April 05, 2004
STATE OF NEW JERSEY, PLAINTIFF-RESPONDENT,
MICHAEL HAMILTON, DEFENDANT-APPELLANT.
STATE OF NEW JERSEY, PLAINTIFF-RESPONDENT,
CAROL KNOTT, DEFENDANT-APPELLANT.
On appeal from the Superior Court of New Jersey, Law Division, Mercer County, Nos. 16084 and 16085 (consolidated).
Before Judges Ciancia, Parker and R.B. Coleman.
The opinion of the court was delivered by: Ciancia, J.A.D.
NOT FOR PUBLICATION WITHOUT THE APPROVAL OF THE APPELLATE DIVISION
Argued March 9, 2004
Defendants Michael Hamilton and Carol Knott were found guilty of the petty disorderly persons offense of defiant trespass, N.J.S.A. 2C:18-3b, following consolidated trials in both the municipal court and the Law Division. Although separate notices of appeal were filed with this court, we granted appellants' motion to consolidate the cases. At all times both defendants have been represented by the same counsel, and no factual distinctions of any legal significance have ever been asserted.
The essence of the defendants' position now, and as it was in the Law Division, is that they were charged with trespassing on municipal property owned by Princeton Township, i.e., the Princeton Sewer Operating Committee (SOC) when, in fact, the alleged violation took place on county property within the right-of-way boundary of a county road. This discrepancy allegedly constituted a defect in the prosecution that violated defendants' right to due process. Defendants further argue that defiant trespass cannot legally occur in the right-of-way of a public road. We find no merit in defendants' contentions and affirm substantially for the reasons given in the oral decision of Judge Bielamowicz sitting in the Law Division.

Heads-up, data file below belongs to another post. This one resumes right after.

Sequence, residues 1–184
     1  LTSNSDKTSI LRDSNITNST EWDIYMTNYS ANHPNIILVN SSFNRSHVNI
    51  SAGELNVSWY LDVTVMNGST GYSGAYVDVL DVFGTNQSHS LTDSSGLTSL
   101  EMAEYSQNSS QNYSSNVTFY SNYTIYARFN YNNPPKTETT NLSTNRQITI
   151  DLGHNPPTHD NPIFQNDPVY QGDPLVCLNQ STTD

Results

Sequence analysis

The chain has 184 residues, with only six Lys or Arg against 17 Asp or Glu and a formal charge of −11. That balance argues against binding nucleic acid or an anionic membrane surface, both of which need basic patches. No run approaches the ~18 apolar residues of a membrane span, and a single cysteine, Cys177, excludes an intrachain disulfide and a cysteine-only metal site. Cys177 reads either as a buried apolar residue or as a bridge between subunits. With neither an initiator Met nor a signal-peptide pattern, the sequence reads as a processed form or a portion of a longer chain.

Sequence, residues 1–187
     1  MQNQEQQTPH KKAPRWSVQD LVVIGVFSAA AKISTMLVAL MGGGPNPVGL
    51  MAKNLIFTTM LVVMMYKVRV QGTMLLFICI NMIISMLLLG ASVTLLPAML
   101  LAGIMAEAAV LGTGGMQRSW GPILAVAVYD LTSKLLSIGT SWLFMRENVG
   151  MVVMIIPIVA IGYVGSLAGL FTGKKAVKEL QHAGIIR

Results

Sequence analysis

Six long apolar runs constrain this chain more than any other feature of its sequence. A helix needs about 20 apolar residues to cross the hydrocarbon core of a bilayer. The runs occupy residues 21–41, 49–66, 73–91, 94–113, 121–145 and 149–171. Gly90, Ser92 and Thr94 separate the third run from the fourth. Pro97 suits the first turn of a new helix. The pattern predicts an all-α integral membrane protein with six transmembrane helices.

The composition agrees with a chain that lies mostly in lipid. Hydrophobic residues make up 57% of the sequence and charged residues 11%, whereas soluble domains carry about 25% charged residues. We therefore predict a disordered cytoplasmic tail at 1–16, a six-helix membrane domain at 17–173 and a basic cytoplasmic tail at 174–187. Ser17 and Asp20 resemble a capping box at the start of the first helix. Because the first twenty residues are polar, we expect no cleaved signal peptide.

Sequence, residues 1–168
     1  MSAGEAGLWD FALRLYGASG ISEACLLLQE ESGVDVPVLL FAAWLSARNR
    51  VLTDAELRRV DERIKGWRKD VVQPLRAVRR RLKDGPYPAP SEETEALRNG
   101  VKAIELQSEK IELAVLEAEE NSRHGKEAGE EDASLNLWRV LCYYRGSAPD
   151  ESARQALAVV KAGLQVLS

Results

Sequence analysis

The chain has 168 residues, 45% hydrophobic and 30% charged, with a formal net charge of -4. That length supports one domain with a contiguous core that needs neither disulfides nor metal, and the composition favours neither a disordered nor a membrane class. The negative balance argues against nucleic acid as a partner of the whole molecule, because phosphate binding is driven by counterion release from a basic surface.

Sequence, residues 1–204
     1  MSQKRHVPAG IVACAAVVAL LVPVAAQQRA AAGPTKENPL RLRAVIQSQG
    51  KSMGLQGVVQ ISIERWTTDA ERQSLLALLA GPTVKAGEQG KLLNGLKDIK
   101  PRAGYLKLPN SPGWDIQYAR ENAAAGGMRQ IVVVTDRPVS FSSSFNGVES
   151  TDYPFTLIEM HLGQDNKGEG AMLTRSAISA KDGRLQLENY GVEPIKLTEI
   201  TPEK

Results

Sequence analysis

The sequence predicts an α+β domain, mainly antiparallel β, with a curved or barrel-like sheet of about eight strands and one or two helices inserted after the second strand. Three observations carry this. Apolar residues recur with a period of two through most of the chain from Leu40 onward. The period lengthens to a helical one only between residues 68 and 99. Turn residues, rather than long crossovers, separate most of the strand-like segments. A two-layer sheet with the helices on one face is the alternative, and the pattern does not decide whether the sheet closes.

The gravamen of this matter was a protest by approximately two dozen citizens against a municipal deer-culling operation. On January 21, 2002, protestors, including defendants and an attorney who advised them, arrived at the entrance to the SOC property where certain aspects of the deer hunt were being staged and carried out. The township chief of police happened to be leaving the SOC property at the time. He testified that protestors were in the roadway blocking traffic. He called for assistance and other township officers, including Corporal Michael Cifelli, arrived shortly. Cifelli observed about twelve people in the SOC driveway. The attorney with the group was told that the group was free to demonstrate on the other side of the two-lane road but, if they returned to the entrance area of the SOC, they would be placed under arrest. The record reflects that these instructions were conveyed to the protestors, understood, and complied with. Corporal Cifelli repeatedly made it clear to the demonstrators that they were not to"return to that driveway." Judge Bielamowicz found, and the record amply supports, that defendants intentionally violated this restriction with the intent of being arrested in order to make their point to, among others, members of the press who were present.
As to defendant Hamilton, Cifelli described what occurred, starting on the side of the road where the demonstration was permitted:
A: Mr. Hamilton approached and requested the opportunity to inspect the butchering facility that was on location at the SOC property. I advised him at that time that I couldn't permit that and any arrangements for his desire to do so could be made through the mayor's office.